Inspired by traditional Italian-style almond biscuits and born from a desire not to waste egg whites at a café I was working at, these bikkies were a bit of a fluke creation.
- 100 g (3½ oz) butter
- 230 g (8 oz/1 cup) brown sugar
- 2 egg whites, whisked
- 1 tsp natural vanilla extract
- 125 g (4½ oz/1¼ cups) almond meal
- 75 g (2¾ oz/½ cup) self-raising flour (or use gluten-free)
- 250 g (9 oz/1½ cups) mixed chocolate chips
Oven temperatures are for conventional; if using fan-forced (convection), reduce the temperature by 20˚C. | We use Australian tablespoons and cups: 1 teaspoon equals 5 ml; 1 tablespoon equals 20 ml; 1 cup equals 250 ml. | All herbs are fresh (unless specified) and cups are lightly packed. | All vegetables are medium size and peeled, unless specified. | All eggs are 55-60 g, unless specified.
Makes 15 big bikkies or 24 smaller ones.
Chilling time: 1-2 hours
- Melt the butter in a small saucepan over medium heat. When the butter is almost coming to the boil, reduce the heat and cook slowly, stirring often, until it is beginning to brown and smells very nutty; this should take about 5 minutes.
- Pour the browned butter into a large mixing bowl and add the sugar. Mix well to combine and let the mixture cool for 5–10 minutes.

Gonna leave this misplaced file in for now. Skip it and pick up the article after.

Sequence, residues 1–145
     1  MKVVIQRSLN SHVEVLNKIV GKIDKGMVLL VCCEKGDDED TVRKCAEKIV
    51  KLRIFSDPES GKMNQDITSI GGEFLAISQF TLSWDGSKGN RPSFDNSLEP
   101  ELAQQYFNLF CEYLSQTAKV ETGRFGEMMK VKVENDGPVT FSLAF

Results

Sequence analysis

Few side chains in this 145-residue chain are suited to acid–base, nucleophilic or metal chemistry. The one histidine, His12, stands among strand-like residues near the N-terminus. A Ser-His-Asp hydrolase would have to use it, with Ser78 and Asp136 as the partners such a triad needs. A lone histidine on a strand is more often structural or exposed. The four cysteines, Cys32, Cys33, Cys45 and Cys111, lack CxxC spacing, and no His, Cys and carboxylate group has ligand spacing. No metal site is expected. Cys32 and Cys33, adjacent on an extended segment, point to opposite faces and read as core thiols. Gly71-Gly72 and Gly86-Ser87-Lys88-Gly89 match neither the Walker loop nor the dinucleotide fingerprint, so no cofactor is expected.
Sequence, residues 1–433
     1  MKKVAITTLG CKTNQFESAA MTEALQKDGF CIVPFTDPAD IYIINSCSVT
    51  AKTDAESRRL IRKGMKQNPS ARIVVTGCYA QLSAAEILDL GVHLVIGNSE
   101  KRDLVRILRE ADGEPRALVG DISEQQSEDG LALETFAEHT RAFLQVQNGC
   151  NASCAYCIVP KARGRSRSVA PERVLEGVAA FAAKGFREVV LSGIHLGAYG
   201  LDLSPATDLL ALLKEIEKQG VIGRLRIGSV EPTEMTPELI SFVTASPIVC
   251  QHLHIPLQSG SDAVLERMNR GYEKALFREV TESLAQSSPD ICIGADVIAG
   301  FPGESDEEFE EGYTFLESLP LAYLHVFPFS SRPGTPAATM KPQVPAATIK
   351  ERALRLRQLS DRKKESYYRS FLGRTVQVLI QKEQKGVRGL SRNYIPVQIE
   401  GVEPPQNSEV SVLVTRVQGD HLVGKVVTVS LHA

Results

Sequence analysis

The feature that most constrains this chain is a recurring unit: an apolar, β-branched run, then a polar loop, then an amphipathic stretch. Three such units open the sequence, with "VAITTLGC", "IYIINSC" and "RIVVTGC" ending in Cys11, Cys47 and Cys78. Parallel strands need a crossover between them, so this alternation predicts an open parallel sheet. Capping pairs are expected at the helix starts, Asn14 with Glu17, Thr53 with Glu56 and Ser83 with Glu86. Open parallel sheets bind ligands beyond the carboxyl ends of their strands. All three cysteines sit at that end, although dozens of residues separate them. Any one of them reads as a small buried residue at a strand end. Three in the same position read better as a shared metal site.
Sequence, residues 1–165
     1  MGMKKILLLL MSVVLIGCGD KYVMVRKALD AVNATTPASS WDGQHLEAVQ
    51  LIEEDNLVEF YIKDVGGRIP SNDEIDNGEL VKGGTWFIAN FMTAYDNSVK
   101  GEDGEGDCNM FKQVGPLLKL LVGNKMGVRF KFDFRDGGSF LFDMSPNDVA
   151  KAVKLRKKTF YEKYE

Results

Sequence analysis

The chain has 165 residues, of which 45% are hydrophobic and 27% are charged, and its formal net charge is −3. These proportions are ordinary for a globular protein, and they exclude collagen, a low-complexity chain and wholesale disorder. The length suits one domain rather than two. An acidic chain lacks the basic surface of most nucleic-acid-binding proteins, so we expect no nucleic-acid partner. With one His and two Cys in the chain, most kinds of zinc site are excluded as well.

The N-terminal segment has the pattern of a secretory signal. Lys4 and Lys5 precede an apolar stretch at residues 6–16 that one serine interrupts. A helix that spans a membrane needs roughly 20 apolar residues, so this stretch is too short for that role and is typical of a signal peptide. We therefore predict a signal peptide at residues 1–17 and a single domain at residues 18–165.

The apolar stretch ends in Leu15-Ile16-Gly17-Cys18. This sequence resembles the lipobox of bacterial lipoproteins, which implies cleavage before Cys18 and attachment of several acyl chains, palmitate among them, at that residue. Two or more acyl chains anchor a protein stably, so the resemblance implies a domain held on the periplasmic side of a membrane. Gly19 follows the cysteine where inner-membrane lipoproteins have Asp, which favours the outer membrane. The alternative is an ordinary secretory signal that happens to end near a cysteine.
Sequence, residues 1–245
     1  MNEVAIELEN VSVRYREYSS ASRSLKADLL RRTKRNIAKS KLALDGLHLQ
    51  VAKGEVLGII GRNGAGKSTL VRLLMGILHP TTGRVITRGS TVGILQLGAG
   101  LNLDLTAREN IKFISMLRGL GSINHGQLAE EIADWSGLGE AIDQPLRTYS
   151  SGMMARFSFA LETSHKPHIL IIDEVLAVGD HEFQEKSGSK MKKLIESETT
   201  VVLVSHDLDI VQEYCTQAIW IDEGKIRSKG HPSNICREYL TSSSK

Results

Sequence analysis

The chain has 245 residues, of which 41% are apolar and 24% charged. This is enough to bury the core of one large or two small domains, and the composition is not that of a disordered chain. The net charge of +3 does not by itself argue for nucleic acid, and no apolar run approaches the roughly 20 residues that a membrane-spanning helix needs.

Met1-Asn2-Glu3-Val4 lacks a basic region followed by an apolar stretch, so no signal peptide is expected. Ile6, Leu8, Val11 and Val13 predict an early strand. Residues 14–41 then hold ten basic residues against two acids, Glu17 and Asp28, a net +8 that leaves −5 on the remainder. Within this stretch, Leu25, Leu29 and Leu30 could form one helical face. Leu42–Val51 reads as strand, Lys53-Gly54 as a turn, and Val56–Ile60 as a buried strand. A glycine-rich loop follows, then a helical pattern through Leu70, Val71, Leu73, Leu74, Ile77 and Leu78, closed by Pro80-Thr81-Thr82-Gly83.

- Add the whisked egg whites and vanilla and whisk well. Add the almond meal and flour and stir together with a wooden spoon. The mixture might seem slightly wetter than other biscuit doughs you’ve made, but don’t stress.
- Add the chocolate and fold until combined. Cover the bowl and refrigerate for at least 1–2 hours, or up to 2 days. This ensures the bikkies hold their shape when baked.
- Around 20 minutes before you’re ready to bake, preheat the oven to 180°C (350°F), and line a large biscuit tray with baking paper.
- Roll the dough into 15 balls of equal size and arrange evenly around your baking tray. Press each ball down slightly with your fingers.
- Bake for 10–12 minutes, or until the bikkies are beginning to turn golden. Be careful not to overcook them, unless you like them super crunchy. When the bottoms are golden and the tops are just the slightest shade darker, they’re done. They’ll feel super soft to touch when straight out of the oven, but will harden considerably as they cool. Best eaten with a glass of milk, many would say.
Recipe and images from The Shared Table by Clare Scrine, Smith Street Books, RRP $39.99